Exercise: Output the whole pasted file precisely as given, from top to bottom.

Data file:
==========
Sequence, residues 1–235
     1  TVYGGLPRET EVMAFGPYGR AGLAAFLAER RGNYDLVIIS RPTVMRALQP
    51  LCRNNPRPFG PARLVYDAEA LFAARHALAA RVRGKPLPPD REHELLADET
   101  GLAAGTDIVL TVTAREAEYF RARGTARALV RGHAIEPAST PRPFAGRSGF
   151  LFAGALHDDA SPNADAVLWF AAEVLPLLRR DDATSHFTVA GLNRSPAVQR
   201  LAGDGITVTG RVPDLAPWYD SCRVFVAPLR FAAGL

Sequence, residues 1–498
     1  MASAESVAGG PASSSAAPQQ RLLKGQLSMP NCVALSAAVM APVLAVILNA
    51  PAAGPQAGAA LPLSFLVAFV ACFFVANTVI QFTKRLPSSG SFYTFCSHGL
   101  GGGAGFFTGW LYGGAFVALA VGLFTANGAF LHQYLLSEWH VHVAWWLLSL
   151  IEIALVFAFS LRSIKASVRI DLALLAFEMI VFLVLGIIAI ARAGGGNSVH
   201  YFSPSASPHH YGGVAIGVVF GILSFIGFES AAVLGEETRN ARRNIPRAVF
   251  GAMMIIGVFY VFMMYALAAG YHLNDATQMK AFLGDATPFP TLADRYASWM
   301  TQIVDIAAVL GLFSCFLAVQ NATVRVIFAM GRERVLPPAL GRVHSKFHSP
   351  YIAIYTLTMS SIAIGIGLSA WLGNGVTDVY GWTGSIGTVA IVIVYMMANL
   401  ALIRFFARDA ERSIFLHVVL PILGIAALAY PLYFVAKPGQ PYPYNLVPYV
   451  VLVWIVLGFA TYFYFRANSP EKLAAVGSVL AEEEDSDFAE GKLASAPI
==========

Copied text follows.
Sequence, residues 1–235
     1  TVYGGLPRET EVMAFGPYGR AGLAAFLAER RGNYDLVIIS RPTVMRALQP
    51  LCRNNPRPFG PARLVYDAEA LFAARHALAA RVRGKPLPPD REHELLADET
   101  GLAAGTDIVL TVTAREAEYF RARGTARALV RGHAIEPAST PRPFAGRSGF
   151  LFAGALHDDA SPNADAVLWF AAEVLPLLRR DDATSHFTVA GLNRSPAVQR
   201  LAGDGITVTG RVPDLAPWYD SCRVFVAPLR FAAGL

Sequence, residues 1–498
     1  MASAESVAGG PASSSAAPQQ RLLKGQLSMP NCVALSAAVM APVLAVILNA
    51  PAAGPQAGAA LPLSFLVAFV ACFFVANTVI QFTKRLPSSG SFYTFCSHGL
   101  GGGAGFFTGW LYGGAFVALA VGLFTANGAF LHQYLLSEWH VHVAWWLLSL
   151  IEIALVFAFS LRSIKASVRI DLALLAFEMI VFLVLGIIAI ARAGGGNSVH
   201  YFSPSASPHH YGGVAIGVVF GILSFIGFES AAVLGEETRN ARRNIPRAVF
   251  GAMMIIGVFY VFMMYALAAG YHLNDATQMK AFLGDATPFP TLADRYASWM
   301  TQIVDIAAVL GLFSCFLAVQ NATVRVIFAM GRERVLPPAL GRVHSKFHSP
   351  YIAIYTLTMS SIAIGIGLSA WLGNGVTDVY GWTGSIGTVA IVIVYMMANL
   401  ALIRFFARDA ERSIFLHVVL PILGIAALAY PLYFVAKPGQ PYPYNLVPYV
   451  VLVWIVLGFA TYFYFRANSP EKLAAVGSVL AEEEDSDFAE GKLASAPI